Beyond the wide use of tamoxifen in breast cancer chemotherapy due to its estrogen receptor antagonist activity, this drug is being assayed in repurposing strategies against a number of microbial infections. We conducted a literature search on the evidence related with tamoxifen activity in macrophages, since these immune cells participate as a first line-defense against pathogen invasion. Consistent data indicate the existence of estrogen receptor-independent targets of tamoxifen in macrophages that include lipid mediators and signaling pathways, such as NRF2 and caspase-1, which allow these cells to undergo phenotypic adaptation and potentiate the inflammatory response, without the induction of cell death. Thus, these lines of evidence suggest that the widespread antimicrobial activity of this drug can be ascribed, at least in part, to the potentiation of the host innate immunity. This widens our understanding of the pharmacological activity of tamoxifen with relevant therapeutic implications for infections and other clinical indications that may benefit from the immunomodulatory effects of this drug.

Tamoxifen Twists Again: On and Off-Targets in Macrophages and Infections / C. Sfogliarini, G. Pepe, A. Dolce, S. Della Torre, C. Cesta, M. Allegretti, M. Locati, E. Vegeto. - In: FRONTIERS IN PHARMACOLOGY. - ISSN 1663-9812. - 13(2022 Mar 30), pp. 879020.1-879020.8. [10.3389/fphar.2022.879020]

Tamoxifen Twists Again: On and Off-Targets in Macrophages and Infections

C. Sfogliarini
Primo
;
G. Pepe
Secondo
;
A. Dolce;S. Della Torre;M. Locati
Penultimo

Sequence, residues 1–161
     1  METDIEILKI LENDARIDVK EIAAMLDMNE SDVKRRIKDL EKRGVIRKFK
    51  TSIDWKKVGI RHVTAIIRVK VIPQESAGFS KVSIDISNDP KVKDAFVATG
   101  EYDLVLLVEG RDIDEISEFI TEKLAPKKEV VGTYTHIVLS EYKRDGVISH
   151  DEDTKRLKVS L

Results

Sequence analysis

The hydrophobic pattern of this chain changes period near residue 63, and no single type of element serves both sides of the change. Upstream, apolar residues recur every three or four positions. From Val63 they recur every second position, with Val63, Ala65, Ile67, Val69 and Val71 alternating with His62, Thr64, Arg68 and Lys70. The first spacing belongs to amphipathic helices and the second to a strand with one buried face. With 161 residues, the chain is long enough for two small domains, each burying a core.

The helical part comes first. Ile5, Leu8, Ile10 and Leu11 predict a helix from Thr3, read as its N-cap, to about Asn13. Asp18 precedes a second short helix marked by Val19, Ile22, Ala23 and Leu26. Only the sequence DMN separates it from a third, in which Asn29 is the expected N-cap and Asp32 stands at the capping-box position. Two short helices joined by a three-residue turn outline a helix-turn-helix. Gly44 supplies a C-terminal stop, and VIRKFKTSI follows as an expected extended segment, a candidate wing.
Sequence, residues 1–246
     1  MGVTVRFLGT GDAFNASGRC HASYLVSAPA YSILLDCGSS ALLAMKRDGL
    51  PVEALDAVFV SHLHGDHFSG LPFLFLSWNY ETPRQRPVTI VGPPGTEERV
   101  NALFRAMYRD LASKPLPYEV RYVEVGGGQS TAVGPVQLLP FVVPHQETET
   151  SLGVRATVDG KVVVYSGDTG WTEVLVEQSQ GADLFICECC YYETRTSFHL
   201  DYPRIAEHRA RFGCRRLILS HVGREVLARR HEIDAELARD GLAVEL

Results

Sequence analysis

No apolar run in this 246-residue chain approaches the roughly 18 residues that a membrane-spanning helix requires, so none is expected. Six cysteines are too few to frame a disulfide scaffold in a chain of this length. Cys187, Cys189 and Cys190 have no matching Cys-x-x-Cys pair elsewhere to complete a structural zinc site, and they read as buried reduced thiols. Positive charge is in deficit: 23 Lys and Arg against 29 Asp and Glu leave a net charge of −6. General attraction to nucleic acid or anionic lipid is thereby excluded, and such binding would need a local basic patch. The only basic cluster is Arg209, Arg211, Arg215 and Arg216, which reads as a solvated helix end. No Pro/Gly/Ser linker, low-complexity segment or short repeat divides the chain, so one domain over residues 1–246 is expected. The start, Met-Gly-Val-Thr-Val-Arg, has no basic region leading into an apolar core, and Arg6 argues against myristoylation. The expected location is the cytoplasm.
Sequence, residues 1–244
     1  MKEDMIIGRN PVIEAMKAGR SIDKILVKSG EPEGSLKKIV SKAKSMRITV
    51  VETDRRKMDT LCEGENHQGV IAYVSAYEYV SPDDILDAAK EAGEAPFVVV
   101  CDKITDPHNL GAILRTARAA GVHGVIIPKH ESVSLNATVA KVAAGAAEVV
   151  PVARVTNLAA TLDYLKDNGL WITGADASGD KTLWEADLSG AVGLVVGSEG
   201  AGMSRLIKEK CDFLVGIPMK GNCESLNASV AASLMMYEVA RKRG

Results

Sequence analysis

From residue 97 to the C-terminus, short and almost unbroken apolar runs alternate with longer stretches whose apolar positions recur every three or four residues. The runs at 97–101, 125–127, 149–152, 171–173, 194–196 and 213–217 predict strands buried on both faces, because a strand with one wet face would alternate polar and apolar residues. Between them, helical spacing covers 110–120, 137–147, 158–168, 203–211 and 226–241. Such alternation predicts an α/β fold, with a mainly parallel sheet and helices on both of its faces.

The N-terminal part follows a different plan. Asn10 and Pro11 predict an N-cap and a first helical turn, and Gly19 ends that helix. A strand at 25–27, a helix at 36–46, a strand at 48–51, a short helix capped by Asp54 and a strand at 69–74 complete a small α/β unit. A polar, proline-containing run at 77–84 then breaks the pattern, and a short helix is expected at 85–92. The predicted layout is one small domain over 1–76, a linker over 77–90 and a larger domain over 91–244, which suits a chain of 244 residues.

;
E. Vegeto
Ultimo
2022-03-30

Abstract

Beyond the wide use of tamoxifen in breast cancer chemotherapy due to its estrogen receptor antagonist activity, this drug is being assayed in repurposing strategies against a number of microbial infections. We conducted a literature search on the evidence related with tamoxifen activity in macrophages, since these immune cells participate as a first line-defense against pathogen invasion. Consistent data indicate the existence of estrogen receptor-independent targets of tamoxifen in macrophages that include lipid mediators and signaling pathways, such as NRF2 and caspase-1, which allow these cells to undergo phenotypic adaptation and potentiate the inflammatory response, without the induction of cell death. Thus, these lines of evidence suggest that the widespread antimicrobial activity of this drug can be ascribed, at least in part, to the potentiation of the host innate immunity. This widens our understanding of the pharmacological activity of tamoxifen with relevant therapeutic implications for infections and other clinical indications that may benefit from the immunomodulatory effects of this drug.
Settore BIO/14 - Farmacologia
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Utilizza questo identificativo per citare o creare un link a questo documento: http://hdl.handle.net/2434/919970
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